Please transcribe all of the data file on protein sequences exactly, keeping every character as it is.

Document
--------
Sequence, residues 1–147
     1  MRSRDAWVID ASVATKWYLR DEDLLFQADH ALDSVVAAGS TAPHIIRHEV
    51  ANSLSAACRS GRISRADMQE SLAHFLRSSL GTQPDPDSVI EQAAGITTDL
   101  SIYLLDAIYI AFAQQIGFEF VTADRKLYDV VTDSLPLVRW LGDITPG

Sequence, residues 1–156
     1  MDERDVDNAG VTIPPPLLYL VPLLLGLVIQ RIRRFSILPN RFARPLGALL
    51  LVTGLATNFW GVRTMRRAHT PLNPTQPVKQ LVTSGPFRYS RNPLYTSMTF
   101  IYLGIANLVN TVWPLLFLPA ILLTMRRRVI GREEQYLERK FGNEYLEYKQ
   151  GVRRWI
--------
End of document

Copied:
Sequence, residues 1–147
     1  MRSRDAWVID ASVATKWYLR DEDLLFQADH ALDSVVAAGS TAPHIIRHEV
    51  ANSLSAACRS GRISRADMQE SLAHFLRSSL GTQPDPDSVI EQAAGITTDL
   101  SIYLLDAIYI AFAQQIGFEF VTADRKLYDV VTDSLPLVRW LGDITPG

Sequence, residues 1–156
     1  MDERDVDNAG VTIPPPLLYL VPLLLGLVIQ RIRRFSILPN RFARPLGALL
    51  LVTGLATNFW GVRTMRRAHT PLNPTQPVKQ LVTSGPFRYS RNPLYTSMTF
   101  IYLGIANLVN TVWPLLFLPA ILLTMRRRVI GREEQYLERK FGNEYLEYKQ
   151  GVRRWI